DATE CREATED: 12/19/08
Eight-game winning streak and Manning's play hides problem areas
Mike Celizic, NBCSports.com contributor
The Indianapolis Colts are always going to get an opponent's attention. But they're not striking terror into the hearts of their opponents this year. Anxiety, yes, but terror, no.
They're in the playoffs, thanks to the fourth-quarter heroics of Peyton Manning and his pals. But the only statement they made in their come-from-behind win over the Jacksonville Jaguars on Thursday night was that they can be had.
Beating them isn't easy. It never is when Manning is at the controls and Marvin Harrison, Reggie Wayne and Dallas Clark are running routes. They showed it again against a mediocre Jacksonville team that jumped out to a 14-0 lead and didn't let the Colts tie the game until midway through the fourth quarter. The Colts won it with an interception return for a touchdown, but as they have so many times this year, they made it a lot harder than it needed to be.
The defense came up with two big plays, the interception and a Dwight Freeney sack of David Garrard on second-and-goal from the 7-yard line that ended the game and preserved a 31-24 victory.
The Colts' eighth straight win put them in the playoffs for the seventh straight year and gave them their sixth straight 11-win season. Those are impressive numbers, but they've been compiled mostly against second-tier teams. And most of the wins have been agonizingly close.
Thursday night was no different. The Colts let a team that had just five wins jump out to a 14-0 lead and needed to score 17 unanswered points to secure the win. Indianapolis' defense, which showed little interest in tackling anybody for most of the night, allowed 409 total yards to a Jags offense that was averaging 318 yards and was 20th in the league in total offense and 24th in scoring offense.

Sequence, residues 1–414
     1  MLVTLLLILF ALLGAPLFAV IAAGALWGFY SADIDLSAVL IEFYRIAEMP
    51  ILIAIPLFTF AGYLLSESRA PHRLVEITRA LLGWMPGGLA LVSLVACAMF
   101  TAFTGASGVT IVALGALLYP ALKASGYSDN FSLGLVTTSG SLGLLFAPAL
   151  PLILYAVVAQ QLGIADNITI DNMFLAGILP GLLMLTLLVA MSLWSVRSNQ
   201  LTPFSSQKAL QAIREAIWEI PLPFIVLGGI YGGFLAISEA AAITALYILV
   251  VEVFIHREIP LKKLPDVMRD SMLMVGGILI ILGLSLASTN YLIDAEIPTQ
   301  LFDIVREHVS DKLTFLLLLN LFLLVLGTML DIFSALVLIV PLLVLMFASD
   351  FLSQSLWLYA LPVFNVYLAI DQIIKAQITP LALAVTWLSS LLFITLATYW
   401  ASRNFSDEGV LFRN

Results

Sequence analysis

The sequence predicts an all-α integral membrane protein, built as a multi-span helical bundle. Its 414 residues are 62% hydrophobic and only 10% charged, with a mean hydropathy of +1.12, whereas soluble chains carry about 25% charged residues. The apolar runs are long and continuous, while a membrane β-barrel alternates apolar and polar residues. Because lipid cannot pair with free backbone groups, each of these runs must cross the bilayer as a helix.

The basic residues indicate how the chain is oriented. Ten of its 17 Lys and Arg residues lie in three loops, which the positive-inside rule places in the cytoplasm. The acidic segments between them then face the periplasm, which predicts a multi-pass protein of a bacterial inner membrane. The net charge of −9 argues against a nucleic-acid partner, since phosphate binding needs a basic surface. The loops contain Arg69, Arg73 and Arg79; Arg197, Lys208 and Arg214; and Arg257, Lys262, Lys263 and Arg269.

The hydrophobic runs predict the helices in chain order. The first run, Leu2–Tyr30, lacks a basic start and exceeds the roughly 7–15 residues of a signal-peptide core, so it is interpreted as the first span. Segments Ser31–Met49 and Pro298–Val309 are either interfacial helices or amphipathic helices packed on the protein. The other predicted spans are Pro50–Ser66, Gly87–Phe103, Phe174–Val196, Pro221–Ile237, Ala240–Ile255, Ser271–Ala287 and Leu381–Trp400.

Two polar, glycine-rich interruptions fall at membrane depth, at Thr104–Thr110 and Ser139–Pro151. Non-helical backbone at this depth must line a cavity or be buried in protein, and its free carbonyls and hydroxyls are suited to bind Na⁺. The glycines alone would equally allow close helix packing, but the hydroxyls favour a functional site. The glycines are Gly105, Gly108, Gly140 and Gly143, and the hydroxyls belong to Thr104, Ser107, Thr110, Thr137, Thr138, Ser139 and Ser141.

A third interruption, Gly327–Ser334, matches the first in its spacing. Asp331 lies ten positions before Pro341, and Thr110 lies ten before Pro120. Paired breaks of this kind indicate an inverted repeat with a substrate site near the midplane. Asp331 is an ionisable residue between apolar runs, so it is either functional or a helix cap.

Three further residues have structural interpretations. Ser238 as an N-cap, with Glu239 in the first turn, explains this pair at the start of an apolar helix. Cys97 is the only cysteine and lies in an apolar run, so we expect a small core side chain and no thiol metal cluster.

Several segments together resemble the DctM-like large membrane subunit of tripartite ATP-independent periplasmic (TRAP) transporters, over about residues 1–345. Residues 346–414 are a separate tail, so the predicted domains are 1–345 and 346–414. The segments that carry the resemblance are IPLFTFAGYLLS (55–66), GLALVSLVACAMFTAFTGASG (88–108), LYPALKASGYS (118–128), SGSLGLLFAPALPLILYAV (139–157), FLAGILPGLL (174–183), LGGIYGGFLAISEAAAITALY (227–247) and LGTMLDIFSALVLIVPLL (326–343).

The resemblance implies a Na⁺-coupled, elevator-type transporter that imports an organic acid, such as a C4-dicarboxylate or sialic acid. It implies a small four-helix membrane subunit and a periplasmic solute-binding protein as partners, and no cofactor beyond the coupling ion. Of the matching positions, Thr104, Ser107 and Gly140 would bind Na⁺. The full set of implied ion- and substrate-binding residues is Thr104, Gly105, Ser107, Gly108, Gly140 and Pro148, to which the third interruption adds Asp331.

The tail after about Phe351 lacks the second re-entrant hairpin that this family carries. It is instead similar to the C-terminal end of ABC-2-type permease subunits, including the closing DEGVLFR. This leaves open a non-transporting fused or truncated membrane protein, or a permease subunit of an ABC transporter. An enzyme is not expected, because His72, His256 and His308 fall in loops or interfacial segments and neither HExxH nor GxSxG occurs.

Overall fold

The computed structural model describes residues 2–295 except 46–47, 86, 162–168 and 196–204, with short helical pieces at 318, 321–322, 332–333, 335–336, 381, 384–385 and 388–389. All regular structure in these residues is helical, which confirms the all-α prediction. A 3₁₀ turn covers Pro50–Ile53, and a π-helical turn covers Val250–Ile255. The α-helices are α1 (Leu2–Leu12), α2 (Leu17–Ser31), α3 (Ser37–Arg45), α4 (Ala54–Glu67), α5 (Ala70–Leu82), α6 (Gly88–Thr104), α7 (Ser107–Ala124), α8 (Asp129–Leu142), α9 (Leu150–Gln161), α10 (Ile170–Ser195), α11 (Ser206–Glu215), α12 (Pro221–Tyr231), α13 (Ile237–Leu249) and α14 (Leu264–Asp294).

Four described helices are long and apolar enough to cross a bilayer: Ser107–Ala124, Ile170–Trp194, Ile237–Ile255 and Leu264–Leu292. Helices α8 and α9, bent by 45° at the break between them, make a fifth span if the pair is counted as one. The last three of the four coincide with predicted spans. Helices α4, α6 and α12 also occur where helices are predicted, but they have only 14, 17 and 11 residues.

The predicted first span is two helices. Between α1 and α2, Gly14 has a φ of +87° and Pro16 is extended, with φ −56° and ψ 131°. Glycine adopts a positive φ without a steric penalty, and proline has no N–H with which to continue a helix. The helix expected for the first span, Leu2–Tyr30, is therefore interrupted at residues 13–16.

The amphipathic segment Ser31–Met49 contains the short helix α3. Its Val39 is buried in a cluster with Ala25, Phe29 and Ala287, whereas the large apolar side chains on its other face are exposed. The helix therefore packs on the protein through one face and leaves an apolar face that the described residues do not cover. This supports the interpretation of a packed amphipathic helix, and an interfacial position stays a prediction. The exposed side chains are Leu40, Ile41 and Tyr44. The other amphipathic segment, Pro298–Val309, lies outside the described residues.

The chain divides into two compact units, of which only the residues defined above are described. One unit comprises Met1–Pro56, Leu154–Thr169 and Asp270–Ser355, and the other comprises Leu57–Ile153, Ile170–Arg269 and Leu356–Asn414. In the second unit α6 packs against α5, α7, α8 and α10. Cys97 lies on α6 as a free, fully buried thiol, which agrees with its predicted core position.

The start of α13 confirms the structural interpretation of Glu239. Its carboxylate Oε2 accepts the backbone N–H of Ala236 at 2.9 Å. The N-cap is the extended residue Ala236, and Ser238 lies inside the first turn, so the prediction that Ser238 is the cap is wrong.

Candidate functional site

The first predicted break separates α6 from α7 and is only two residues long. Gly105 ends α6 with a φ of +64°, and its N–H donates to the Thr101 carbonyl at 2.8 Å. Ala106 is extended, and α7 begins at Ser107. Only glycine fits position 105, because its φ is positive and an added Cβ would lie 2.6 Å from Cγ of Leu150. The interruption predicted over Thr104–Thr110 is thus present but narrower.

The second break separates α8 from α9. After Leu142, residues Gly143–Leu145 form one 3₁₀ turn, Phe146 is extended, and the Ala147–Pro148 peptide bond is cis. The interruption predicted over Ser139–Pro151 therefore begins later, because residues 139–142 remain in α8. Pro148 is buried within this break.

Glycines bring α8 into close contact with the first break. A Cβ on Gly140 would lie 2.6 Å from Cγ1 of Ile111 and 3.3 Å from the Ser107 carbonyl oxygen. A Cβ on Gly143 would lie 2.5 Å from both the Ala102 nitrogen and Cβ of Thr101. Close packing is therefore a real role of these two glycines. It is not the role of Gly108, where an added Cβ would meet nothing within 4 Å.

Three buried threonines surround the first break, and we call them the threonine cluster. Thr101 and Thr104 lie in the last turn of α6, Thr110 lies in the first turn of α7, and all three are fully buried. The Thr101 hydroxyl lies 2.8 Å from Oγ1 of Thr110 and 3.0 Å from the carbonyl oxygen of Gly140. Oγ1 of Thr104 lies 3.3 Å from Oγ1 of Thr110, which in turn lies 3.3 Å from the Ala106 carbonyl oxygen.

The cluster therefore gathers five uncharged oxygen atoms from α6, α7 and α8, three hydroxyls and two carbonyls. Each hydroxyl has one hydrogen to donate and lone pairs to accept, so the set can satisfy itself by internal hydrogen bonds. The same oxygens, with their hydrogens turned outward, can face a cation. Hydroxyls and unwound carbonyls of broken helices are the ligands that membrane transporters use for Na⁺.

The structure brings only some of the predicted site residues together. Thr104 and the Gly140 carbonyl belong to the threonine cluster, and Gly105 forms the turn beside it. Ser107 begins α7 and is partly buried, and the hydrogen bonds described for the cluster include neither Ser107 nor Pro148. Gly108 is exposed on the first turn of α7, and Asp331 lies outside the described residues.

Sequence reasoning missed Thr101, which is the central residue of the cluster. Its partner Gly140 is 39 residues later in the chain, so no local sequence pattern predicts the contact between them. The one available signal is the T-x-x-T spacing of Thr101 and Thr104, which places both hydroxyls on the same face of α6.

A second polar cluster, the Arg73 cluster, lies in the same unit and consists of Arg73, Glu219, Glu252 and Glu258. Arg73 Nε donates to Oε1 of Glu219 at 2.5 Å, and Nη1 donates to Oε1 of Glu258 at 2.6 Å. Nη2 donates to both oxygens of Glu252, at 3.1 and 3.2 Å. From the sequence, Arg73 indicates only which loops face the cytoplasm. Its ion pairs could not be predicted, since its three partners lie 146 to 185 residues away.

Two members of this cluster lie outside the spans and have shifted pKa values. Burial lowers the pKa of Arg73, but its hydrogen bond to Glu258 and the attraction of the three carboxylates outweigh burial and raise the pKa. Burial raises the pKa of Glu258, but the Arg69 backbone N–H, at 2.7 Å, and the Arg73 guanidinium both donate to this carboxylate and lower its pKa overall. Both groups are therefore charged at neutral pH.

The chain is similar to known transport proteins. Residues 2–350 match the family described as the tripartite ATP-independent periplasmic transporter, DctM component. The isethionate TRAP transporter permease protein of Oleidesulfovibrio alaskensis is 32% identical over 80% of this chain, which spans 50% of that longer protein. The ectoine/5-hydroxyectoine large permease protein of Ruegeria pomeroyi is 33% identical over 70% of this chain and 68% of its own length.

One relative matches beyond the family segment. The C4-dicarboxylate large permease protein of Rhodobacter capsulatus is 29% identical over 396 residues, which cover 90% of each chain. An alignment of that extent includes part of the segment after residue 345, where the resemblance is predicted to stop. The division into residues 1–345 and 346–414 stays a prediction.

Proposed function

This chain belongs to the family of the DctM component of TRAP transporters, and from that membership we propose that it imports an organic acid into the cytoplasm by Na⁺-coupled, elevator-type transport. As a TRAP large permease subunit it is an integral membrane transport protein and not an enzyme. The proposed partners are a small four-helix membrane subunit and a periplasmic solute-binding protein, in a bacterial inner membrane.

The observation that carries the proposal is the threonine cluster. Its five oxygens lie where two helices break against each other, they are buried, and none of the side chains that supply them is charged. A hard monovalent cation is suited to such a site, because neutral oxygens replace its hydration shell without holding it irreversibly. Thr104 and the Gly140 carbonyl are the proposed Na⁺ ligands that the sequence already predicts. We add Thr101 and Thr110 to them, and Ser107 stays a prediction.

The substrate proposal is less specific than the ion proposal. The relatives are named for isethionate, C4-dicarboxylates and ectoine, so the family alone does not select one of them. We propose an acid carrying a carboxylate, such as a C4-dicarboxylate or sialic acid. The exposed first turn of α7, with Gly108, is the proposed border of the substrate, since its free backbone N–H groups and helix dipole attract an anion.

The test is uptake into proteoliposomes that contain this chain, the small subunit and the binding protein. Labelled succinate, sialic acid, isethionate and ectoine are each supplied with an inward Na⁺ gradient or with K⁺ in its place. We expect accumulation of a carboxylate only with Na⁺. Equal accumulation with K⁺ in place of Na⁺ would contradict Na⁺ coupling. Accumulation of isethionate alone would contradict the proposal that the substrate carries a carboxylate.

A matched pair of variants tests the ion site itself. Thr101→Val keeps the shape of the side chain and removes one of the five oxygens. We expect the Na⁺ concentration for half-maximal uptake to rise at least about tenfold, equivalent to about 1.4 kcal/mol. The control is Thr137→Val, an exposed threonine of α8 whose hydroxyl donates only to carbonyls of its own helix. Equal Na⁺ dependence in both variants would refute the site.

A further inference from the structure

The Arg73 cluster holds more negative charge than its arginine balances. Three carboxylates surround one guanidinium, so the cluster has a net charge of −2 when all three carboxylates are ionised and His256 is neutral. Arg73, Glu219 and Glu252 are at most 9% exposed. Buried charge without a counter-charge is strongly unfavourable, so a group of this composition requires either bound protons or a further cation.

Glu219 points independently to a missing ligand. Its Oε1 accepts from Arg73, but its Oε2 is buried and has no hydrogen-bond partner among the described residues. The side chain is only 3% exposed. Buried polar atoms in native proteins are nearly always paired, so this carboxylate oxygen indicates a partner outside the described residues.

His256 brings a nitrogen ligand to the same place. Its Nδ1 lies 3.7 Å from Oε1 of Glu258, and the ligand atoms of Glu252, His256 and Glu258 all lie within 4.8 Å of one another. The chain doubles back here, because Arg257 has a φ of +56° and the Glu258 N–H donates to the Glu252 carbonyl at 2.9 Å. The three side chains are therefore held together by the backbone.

The Colts started the season 3-4 and didn't start rolling until an 18-15 win over the New England Patriots on Nov. 2. The following week, they beat the Pittsburgh Steelers, 24-20. Since then, they've beaten a string of losers and few of them have been easy: the Houston Texans by six, the San Diego Chargers by three, the Cleveland Browns by four, the Cincinnati Bengals by 32, the Detroit Lions by 10 and now the Jags by seven. That's eight wins, with just two of them by more than a touchdown.
On the one hand, the Colts have shown a remarkable ability to win games late, a quality that is a hallmark of great teams. On the other hand, they've shown an equally remarkable ability to struggle against both the league's better teams and its worst teams.
The Colts also are almost totally dependent on Manning. They came to Jacksonville 30th in the league in rushing with an average of just 80 yards a game and 3.4 yards per attempt. Thursday night, they made those numbers look enormous, collecting just 32 yards on the ground in 18 attempts - an average of 1.8 yards per carry.
What saved them was Jacksonville's inability to get to Manning. They tried blitzing him and paid by surrendering big passing plays. They tried not blitzing and paid by surrendering shorter gains to receivers who had plenty of time to get open.
The Jags didn't have a single sack, and Manning made them pay, completing 29 of 34 passes for 364 yards, three touchdowns and no interceptions.
If you were looking for a blueprint on how to beat the Colts, the Jaguars provided it, even if they couldn't carry it through. The first step is to run against the Colts defense and eat up clock, keeping Manning on the sideline. The second is to stop Indy's weak running attack. The third - and critical - step is to put pressure on the best passer in the game.
That's where Jacksonville failed, and it's why it lost the game. The Jags let Manning stand in the pocket and pick his receivers. When they got a little pressure on him, he just moved around a little, bought some time, and continued to pick apart the coverage.
On Dec. 28, the Colts finish against the Tennessee Titans, who beat them 31-21 on Oct. 27. The Titans didn't sack Manning in that game, but they intercepted him twice and held him to 223 yards passing on 26 completions in 41 attempts.
The Colts had a 14-6 third-quarter lead in that game and gave up 25 unanswered points before scoring a cosmetic touchdown with 1:17 left in the game.
Manning was still not in peak form back then. He was still finding his groove after missing most of training camp because of two offseason knee surgeries. He's a better quarterback now, and the Colts' record reflects that. But the team still hasn't shown that its defense is good enough to take it back to the Super Bowl.
Indy's a wild card no matter what happens in the season's final week. Tennessee may or may not need the game to have home-field advantage throughout the playoffs. Just the same, that game now looms large as a real test of how good the Colts are. They're in the playoffs, but they still have to show they're a team that can win it all.
© 2008 NBC Sports.com
For more Football coverage, visit http://www.nbcsports.com